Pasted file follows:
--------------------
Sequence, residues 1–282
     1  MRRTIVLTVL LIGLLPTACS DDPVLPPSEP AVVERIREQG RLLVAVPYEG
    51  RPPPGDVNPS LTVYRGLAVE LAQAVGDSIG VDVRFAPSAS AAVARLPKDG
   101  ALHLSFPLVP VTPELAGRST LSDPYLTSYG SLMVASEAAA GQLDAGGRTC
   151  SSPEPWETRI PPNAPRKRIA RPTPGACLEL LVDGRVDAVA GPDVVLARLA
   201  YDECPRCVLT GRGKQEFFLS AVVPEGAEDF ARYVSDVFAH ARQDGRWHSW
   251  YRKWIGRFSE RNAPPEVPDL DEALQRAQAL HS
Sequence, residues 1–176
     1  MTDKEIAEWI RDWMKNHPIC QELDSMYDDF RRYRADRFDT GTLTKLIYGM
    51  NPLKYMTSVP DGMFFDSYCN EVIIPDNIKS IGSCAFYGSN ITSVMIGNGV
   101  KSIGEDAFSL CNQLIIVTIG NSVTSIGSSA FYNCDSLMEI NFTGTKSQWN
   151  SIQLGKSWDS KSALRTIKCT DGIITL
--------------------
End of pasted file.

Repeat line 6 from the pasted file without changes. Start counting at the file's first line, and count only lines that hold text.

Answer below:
   201  YDECPRCVLT GRGKQEFFLS AVVPEGAEDF ARYVSDVFAH ARQDGRWHSW